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GALIG gene expression induces apoptosis in cultured cells through a pathway still under investigation. It is highly expressed in leukocytes but weakly detectable in bone marrow, suggesting a role in the myeloid lineage homeostasis. We show here that GALIG-induced cell death is counteracted by the overexpression of MCL-1, a pro-survival member of the Bcl2 family. Moreover, during spontaneous neutrophil apoptosis, a substantial increase in GALIG gene expression is observed : GALIG still opposes MCL-1. Finally, in bone marrow and peripheral blood cells from patients with Acute Myeloid Leukemia type 2, the level of GALIG transcripts is massively down-regulated when compared to their normal counterparts, while MCL-1 is expressed to the same extent. These data suggest that GALIG could be a key player in the cell death pathway involved in leukocytes homeostasis and myeloid malignancies.
Galig, a gene embedded within the galectin-3 gene, induces cell death when transfected in human cells. This death is associated with cell shrinkage, nuclei condensation, and aggregation of mitochondria. Galig contains two different overlapping open reading frames encoding two unrelated proteins. Previous observations have shown that one of these proteins, named mitogaligin, binds to mitochondria and promotes the release of cytochrome c. However, the mechanism of action of this cytotoxic protein remains still obscure.
Galectin-3 internal gene (Galig) was recently identified as an internal gene transcribed from the second intron of the human galectin-3 gene that is implicated in cell growth, cell differentiation, and cancer development. In this study, we show that galig expression causes morphological alterations in human cells, such as cell shrinkage, cytoplasm vacuolization, nuclei condensation, and ultimately cell death. These alterations were associated with extramitochondrial release of cytochrome c, a known cell death effector.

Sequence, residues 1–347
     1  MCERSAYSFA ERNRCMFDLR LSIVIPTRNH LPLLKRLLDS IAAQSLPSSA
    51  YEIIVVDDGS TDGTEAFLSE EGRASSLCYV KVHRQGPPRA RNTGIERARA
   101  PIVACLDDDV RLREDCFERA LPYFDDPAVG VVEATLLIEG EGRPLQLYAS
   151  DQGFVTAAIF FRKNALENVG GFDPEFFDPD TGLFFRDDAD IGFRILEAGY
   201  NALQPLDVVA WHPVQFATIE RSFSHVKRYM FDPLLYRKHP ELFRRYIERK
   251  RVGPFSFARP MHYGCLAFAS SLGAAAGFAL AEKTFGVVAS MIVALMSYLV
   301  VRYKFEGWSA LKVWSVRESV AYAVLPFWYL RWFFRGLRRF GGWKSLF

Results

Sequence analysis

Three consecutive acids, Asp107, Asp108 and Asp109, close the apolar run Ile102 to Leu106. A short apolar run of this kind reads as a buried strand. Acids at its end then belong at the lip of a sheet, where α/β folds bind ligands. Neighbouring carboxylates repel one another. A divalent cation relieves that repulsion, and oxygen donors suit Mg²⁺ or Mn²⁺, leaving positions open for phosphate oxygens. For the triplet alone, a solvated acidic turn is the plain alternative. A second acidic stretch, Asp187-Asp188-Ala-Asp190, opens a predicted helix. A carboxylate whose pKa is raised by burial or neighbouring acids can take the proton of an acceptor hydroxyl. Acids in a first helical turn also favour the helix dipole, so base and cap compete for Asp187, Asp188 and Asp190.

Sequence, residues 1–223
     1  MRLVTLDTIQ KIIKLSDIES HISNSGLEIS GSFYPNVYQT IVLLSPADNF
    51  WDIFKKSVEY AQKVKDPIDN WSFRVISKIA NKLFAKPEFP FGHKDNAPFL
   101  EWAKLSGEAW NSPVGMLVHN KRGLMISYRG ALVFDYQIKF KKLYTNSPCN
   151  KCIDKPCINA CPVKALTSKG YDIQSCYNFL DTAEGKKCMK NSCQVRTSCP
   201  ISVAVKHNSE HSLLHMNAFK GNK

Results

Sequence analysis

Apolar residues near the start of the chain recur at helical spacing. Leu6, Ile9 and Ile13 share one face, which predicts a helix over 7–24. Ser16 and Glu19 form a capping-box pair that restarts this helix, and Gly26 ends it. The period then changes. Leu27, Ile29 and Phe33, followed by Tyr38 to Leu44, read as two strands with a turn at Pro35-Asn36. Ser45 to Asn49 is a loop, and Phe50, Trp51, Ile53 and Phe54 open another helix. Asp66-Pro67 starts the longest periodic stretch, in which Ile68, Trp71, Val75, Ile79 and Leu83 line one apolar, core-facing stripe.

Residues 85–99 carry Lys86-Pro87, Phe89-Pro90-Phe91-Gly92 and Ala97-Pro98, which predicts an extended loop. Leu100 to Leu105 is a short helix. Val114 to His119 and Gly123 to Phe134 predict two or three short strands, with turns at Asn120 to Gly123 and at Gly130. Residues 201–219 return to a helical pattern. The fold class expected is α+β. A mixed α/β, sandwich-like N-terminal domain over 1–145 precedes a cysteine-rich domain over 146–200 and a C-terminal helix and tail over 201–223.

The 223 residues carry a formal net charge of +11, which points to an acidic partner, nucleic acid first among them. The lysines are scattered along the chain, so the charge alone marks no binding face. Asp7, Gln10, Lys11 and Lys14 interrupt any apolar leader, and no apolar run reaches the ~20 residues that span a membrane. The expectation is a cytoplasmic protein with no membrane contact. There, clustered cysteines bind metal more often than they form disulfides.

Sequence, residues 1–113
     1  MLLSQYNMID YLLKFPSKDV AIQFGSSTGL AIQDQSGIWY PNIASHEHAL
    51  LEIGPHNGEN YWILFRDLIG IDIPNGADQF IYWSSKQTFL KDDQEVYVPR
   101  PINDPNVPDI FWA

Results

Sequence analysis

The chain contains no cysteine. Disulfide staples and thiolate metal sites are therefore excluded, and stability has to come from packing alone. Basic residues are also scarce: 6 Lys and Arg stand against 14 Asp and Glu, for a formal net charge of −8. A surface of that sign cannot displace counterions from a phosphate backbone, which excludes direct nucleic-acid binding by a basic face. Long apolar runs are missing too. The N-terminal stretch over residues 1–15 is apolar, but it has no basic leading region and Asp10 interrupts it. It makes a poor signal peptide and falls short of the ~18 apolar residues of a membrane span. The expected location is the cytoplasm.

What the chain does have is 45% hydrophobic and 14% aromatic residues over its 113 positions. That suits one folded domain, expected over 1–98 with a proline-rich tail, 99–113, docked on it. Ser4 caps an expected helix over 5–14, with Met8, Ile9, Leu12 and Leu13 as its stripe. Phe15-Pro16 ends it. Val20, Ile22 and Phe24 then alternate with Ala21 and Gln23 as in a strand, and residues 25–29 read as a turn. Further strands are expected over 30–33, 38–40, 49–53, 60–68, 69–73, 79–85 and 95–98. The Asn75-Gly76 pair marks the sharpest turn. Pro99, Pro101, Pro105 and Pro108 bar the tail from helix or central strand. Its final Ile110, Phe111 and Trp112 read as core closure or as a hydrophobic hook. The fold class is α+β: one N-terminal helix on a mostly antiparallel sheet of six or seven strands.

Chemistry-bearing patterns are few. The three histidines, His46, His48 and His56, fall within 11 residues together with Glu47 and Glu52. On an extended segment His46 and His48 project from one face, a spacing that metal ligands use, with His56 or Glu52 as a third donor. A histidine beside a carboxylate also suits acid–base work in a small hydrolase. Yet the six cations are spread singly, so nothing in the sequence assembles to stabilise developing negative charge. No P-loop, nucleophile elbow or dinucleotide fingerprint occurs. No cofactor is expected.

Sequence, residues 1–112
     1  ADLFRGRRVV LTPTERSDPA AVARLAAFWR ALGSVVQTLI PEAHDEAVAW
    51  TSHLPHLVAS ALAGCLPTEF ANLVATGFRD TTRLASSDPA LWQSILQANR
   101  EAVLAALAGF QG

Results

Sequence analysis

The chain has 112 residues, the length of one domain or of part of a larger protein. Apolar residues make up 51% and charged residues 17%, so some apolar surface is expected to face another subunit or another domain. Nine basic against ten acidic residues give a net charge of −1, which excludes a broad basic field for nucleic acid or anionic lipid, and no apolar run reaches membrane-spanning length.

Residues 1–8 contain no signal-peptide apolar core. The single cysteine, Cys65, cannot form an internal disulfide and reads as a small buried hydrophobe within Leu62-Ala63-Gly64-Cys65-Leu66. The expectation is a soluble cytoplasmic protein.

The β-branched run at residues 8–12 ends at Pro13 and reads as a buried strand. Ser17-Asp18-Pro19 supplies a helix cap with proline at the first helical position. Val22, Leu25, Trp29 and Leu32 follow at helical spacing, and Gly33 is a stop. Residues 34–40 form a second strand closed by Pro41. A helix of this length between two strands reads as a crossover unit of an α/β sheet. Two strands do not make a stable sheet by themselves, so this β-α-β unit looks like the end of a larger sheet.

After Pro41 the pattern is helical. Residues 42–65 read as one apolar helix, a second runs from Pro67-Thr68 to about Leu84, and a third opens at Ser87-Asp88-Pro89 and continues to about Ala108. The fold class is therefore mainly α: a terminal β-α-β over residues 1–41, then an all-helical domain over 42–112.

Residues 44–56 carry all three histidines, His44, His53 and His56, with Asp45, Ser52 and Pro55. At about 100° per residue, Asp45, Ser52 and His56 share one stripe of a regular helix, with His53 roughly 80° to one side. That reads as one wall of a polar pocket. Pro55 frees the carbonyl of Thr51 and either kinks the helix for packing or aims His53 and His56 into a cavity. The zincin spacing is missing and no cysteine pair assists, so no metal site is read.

We previously reported that alternative transcripts were initiated within the second intron of the human Galectin-3 gene (LGALS3), We now demonstrate that these transcripts arise from an internal gene embedded within LGALS3 and named galig (Galectin-3 internal gene). Tissue-specific expression of galig was assayed by screening of several human tissues. Contrary to LGALS3, galig appears to be tightly regulated and principally activated in leukocytes from peripheral blood. Cloning and characterization of galig transcripts revealed that they contain two out-of-frame overlapping open-reading frames (ORFs). Transfection of expression vectors encoding enhanced green fluorescent protein (EGFP) chimeras indicated that both ORFs could be translated in proteins unrelated to Galectin-3. The ORF1 polypeptide targets EGFP to cytosol and nucleus whereas ORF2 targets EGFP to mitochondria. These results revealed the exceptional genetic organization of the LGALS3 locus.
Analysis of antimicrobial activities that are present in the skin secretions of the South American frog Phyllomedusa bicolor revealed six polycationic (lysine-rich) and amphipathic alpha-helical peptides, 24-33 residues long, termed dermaseptins B1 to B6, respectively, Prepro-dermaseptins B all contain an almost identical signal peptide, which is followed by a conserved acidic propiece, a processing signal Lys-Arg, and a dermaseptin progenitor sequence. The 22-residue signal peptide plus the first 3 residues of the acidic propiece are encoded by conserved nucleotides encompassed by the first coding exon of the dermaseptin genes. The 25-residue amino-terminal region of prepro-dermaseptins B shares 50% identity with the corresponding region of precursors for D-amino acid containing opioid peptides or for antimicrobial peptides originating from the skin of distantly related frog species. The remarkable similarity found between prepro-proteins that encode end products with strikingly different sequences, conformations, biological activities and modes of action suggests that the corresponding genes have evolved through dissemination of a conserved "secretory cassette" exon.